December 26, 2009

Is Nigeria the Next Iraq?

Up until now America could care less about the Niger Oil Conflict. In August Secretary of State Hillary Clinton declined to comment on Nigeria's failed military operations during a visit to Lagos, and America continues buying oil at a record pace with full knowledge that the Nigerian people don't see much benefit.

Octopus Mountain has expressed disapproval of this silent treatment. If only human suffering could create such a rise, but unfortunately nothing lights a fire under Washington like a terrorist attack.

Hours ago a Nigerian man attempted to blow up a US airplane as it approached Detroit. The man, identified as Abdul Farouk Abdulmutallab, had “some kind of incendiary device he tried to ignite” in a bag strapped to his body, U.S. officials told NBC News.

Representative Peter King of New York called the device "fairly sophisticated" and said it, "appears to be different from what we've encountered before." Apparently it did go off too. King said, "He himself was seriously injured. He has third-degree burns."

Sources told CNN that Abdulmutallab flew into Schiphol Airport in Amsterdam on a KLM flight from Lagos, Nigeria, then bought a one way ticket to Detroit. He also claims to be affiliated with al-Qaeda and device, according to a federal security bulletin, "was acquired in Yemen along with instructions as to when it should be used."

Even if the bomb turns out to be a firecracker, the US media may still focus its fleeting gaze on Nigeria and hype it as the next front in the "War on Terror."

They'll be late again if so, just like Yemen is the "new spot" despite it being an old conflict. The fact is Nigerian guerrillas have expressed admiration for the Taliban and al-Qaeda for years; MEND claims to have sent fighters to train in Afghanistan.

Yet only now does Nigeria stand a chance of receiving the attention it deserves because America would be "the victim," because the words Nigeria and al-Qaeda appear together in the papers.

Forget decades of resource exploitation and human rights abuses at the hands of the government and Western oil companies, and that military victory has eluded the Nigerian government to this day. Forget that new human rights abuses surfaced as Clinton visited in summer, that the actual victim is Nigeria's delta population, an estimated 30 million people.

Washington tuned out as President Alhaji Umaru Yar'Adua's health failed and MEND, flushed with weapons, boats, and cash, resumed its long-standing war and has Shell on the ropes. But America is too deep in Nigeria's corrupt oil game not to become a potential target for retaliation - it has to pay attention now even if Abdul Farouk Abdulmutallab joined al-Qaeda only in his mind.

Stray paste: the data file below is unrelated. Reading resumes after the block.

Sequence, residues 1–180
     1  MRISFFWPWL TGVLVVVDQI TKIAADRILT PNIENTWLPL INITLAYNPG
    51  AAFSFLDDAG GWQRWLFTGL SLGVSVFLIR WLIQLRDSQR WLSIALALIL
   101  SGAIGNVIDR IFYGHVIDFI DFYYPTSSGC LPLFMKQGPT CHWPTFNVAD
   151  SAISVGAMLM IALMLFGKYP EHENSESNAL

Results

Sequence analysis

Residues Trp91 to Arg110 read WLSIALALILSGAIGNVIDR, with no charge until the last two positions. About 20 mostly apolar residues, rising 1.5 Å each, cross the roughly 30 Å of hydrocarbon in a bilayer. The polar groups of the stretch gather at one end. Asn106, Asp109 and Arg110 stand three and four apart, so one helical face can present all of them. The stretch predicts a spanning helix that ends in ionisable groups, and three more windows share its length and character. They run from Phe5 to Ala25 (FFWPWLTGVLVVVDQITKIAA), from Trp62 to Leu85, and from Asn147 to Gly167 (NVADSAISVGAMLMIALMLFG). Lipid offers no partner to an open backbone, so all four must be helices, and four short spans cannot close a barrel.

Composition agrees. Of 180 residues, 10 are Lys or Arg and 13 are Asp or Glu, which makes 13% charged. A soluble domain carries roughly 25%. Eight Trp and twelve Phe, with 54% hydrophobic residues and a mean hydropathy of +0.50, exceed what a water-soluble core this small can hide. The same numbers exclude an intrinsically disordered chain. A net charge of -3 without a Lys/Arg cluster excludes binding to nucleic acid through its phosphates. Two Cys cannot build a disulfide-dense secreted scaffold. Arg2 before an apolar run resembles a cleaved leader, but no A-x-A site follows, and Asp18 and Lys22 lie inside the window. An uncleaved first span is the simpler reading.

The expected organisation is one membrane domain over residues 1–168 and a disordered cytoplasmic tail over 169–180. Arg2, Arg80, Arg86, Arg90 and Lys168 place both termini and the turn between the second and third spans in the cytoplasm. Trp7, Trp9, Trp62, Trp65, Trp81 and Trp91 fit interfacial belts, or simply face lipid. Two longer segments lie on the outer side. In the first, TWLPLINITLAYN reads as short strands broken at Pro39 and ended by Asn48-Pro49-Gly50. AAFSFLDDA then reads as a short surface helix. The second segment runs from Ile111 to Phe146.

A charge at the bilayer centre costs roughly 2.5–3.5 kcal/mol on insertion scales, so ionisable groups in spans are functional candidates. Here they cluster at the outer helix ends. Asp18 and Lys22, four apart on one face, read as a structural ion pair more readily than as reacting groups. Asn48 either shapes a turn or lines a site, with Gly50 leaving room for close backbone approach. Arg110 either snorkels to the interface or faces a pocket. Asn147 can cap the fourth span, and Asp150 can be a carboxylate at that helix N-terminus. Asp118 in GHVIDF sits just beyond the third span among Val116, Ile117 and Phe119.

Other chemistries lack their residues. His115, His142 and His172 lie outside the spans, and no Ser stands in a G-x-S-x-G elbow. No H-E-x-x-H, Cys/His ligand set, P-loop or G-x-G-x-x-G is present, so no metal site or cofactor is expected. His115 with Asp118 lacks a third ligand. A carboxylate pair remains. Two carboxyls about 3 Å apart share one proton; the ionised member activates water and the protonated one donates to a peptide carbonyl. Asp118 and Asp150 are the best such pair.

This would make him more dangerous in fact, an al-Qaeda lone wolf. That's what bin Laden is really going for, inspiring others to do his actions.

The question is will America's response be constructive or destructive? Only radical political and economic reform can bring stability to the Niger river delta, but considering President Obama's actions in Pakistan, Yemen, and Somalia, MEND should start preparing defenses and contingencies for Hellfire and cruise missiles.

And Americans should keep a sharp eye on Obama's militarizing foreign policy. Oil, over 40 ethnic tribes in the delta alone, several extensively armed groups, a potential jump-off point for al-Qaeda - Nigeria has the ingredients of a distant-future Iraq.


  1. Every country that has natural resources for the New Era, is a target. Our foreign policy is Corporate energy driven. If a particular country has a resource, [fossil fuel, minerals, water,] or any other commodity. It immediately becomes a target. Nigeria is in all senses of the word a failed state. It is up for grabs internally, or externally. The West is now building up AFRICOM. So yes. Nigeria could become another Iraq.

  2. Simple resource purging yes, but there's more at work in Nigeria as you allude to. This state is up for grabs inside and outside, from the government to oil companies to MEND to America to China, and it could become a genuine nexus for al-Qaeda's Western and Asian operations in the next decade. Hundreds of miles of mangroves would make perfect cover from drones. Not a promising future.

  3. I'd read about conflicts between Shell and the Nigerian people mostly due to environmental damage so this is what I thought of first when I'd heard about it.

    The AQ-Yemen thing seems kinda shaky to me,I know there are problems between Shia and the Wahabbi Yemeni govt so it would be easy to claim that Shia groups in opposition to their govt are AQ to justify attacks on them.Then blame it all on Iran. Most Americans would buy the story.

  4. Problem with the Shia A/Q false flag is that A/Q are Sunni. But, yes I agree most Americans will fall for that false flag.

    Bin Laden's father is from Yemen. I am surprised that the war hawks have not used that yet. TICK-TOCK.

  5. exactly,like i say most Americans don't know the difference between sunni/shia and think Persians are Arabs too.

  6. Yemen is confusing now because of all the media attention, but make no mistake that it's a real conflict with real history, not manufactured for US interests. al-Qaeda has been growing roots for at least 20 years and many local actors are also at work. Now US killed Houthi leader Abdul-Malik al-Houthi three days ago - allegedly at least - when Yemen was in negotiations with him - allegedly.

    So we think that's strange.